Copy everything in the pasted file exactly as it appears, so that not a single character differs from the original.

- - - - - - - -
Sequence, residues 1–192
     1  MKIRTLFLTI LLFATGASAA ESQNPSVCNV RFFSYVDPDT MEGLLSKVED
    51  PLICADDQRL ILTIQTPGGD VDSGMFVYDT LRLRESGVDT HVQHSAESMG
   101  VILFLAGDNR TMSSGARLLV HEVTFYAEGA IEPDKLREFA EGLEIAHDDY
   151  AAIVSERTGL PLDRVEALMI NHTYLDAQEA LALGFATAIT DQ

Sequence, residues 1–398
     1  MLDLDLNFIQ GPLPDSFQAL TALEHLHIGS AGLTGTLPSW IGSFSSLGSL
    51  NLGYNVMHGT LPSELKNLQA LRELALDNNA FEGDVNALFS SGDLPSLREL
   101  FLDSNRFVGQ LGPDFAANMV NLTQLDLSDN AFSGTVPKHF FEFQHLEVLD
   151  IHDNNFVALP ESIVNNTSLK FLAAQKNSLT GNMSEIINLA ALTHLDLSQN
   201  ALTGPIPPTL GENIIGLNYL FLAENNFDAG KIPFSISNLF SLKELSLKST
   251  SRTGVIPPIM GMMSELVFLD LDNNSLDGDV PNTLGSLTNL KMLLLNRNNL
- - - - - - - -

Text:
Sequence, residues 1–192
     1  MKIRTLFLTI LLFATGASAA ESQNPSVCNV RFFSYVDPDT MEGLLSKVED
    51  PLICADDQRL ILTIQTPGGD VDSGMFVYDT LRLRESGVDT HVQHSAESMG
   101  VILFLAGDNR TMSSGARLLV HEVTFYAEGA IEPDKLREFA EGLEIAHDDY
   151  AAIVSERTGL PLDRVEALMI NHTYLDAQEA LALGFATAIT DQ

Sequence, residues 1–398
     1  MLDLDLNFIQ GPLPDSFQAL TALEHLHIGS AGLTGTLPSW IGSFSSLGSL
    51  NLGYNVMHGT LPSELKNLQA LRELALDNNA FEGDVNALFS SGDLPSLREL
   101  FLDSNRFVGQ LGPDFAANMV NLTQLDLSDN AFSGTVPKHF FEFQHLEVLD
   151  IHDNNFVALP ESIVNNTSLK FLAAQKNSLT GNMSEIINLA ALTHLDLSQN
   201  ALTGPIPPTL GENIIGLNYL FLAENNFDAG KIPFSISNLF SLKELSLKST
   251  SRTGVIPPIM GMMSELVFLD LDNNSLDGDV PNTLGSLTNL KMLLLNRNNL